Do you let your inner child out to play? When was the last time you did something spontaneous and fun?
Sunday, July 11, 2010
Today's post is brought to you by my husband, Seong Yoon Lee, a former Buddhist monk in the Chogye Order in South Korea. Seong Yoon has dedicated his life to sharing the insights and knowledge he has gained through his practice in the monastery and in daily life. He is an inspiration to so many people. He now teaches yoga, a practice he was first introduced to by his master in the monastery, at his own private yoga studio near Seattle. English is not his first language, but I have learned by watching him and hearing him speak to groups of people that the essence of what he wishes to convey to his students is deeply felt. Here he is to talk to you today about detachment; a concept which is easy to understand in theory, but so difficult to practice in every day life.
Normally, in yoga practice, people talk about detaching from worldly things. If you do this it will give you freedom. But, in our daily life, we are attached to so many different things like family, work, friends, community, children, etc. So, it's very hard to do this. These things are our fuel to live in daily life. Relating to each other is required, otherwise our community doesn't work.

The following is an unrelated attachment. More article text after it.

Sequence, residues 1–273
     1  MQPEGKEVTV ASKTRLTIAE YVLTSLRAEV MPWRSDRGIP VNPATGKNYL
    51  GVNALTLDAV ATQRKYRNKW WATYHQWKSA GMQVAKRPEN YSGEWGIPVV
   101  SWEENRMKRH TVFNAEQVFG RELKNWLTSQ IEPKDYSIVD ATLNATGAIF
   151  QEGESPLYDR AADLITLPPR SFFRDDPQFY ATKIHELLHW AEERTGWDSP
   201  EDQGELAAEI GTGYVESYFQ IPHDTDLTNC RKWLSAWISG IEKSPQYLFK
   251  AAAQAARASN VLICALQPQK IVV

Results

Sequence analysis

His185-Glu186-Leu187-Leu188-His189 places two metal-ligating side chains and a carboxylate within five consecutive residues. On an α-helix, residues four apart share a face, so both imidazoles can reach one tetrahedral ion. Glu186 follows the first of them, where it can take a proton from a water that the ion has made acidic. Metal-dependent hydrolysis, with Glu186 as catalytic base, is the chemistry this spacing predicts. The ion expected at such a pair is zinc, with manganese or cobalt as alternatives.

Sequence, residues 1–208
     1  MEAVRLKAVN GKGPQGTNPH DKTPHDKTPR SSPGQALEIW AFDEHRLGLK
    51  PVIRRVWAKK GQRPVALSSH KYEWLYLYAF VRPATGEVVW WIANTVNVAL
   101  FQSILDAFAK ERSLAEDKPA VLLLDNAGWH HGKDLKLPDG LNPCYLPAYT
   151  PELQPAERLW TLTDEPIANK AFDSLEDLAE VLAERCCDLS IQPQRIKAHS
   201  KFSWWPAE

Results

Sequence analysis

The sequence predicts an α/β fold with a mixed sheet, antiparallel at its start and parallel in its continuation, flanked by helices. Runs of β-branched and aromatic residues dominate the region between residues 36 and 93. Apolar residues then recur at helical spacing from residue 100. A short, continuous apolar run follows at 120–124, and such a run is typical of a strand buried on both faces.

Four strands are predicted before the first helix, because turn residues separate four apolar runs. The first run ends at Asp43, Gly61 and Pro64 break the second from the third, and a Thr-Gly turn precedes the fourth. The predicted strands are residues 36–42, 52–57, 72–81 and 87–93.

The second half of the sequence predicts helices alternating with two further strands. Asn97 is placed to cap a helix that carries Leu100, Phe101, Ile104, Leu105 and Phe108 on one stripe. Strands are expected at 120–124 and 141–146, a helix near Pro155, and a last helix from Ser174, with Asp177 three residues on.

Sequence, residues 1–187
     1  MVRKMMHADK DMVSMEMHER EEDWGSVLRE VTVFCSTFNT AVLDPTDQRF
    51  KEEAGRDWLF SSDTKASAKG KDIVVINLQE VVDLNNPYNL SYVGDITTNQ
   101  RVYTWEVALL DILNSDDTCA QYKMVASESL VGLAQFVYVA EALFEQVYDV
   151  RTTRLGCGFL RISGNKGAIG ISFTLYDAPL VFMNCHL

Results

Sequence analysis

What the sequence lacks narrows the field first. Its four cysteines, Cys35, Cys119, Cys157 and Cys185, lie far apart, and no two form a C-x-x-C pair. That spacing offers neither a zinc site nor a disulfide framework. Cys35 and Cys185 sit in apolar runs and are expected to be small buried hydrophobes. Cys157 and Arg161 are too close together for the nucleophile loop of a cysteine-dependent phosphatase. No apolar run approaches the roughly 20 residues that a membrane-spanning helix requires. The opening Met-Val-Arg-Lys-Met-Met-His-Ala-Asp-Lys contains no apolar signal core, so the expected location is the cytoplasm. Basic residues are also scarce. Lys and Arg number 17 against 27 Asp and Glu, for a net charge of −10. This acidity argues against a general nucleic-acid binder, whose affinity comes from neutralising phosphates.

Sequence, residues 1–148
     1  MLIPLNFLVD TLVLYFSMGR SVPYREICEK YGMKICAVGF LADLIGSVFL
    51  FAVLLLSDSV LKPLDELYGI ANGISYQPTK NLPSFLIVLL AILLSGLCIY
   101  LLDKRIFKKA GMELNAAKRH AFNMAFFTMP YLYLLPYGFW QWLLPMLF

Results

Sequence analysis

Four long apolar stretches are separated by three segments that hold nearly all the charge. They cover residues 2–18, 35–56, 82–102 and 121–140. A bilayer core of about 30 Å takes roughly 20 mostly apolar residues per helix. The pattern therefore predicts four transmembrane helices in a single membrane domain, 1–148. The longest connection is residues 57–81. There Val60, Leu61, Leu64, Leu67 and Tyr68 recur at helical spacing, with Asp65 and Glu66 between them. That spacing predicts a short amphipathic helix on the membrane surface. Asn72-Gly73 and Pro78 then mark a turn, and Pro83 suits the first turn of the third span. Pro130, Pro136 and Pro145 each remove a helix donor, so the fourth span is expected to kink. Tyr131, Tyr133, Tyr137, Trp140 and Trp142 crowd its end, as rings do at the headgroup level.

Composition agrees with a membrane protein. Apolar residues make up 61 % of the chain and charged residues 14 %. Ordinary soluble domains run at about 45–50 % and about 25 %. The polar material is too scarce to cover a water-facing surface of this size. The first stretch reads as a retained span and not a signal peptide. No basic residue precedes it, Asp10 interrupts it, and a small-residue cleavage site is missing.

So why do yogis keep saying that the detachment of the mind will give you freedom? I think it's not because of detachment itself. Detachment arises from the state of our mind. So, detachment is the product of our own clarity.
For our minds to function properly, we need two components: subject and object. And through that interaction, we perceive the world; we live every second of our lives through that interaction. Some things we like and some things we don't like.
But, through yoga practice, if our energy body begins to open up, we feel lightness, a sense of joy and a sense of peace. But sometimes not. Sometimes old memories or heavy emotions rise to the surface through our practice. So each time we don't know what will come out.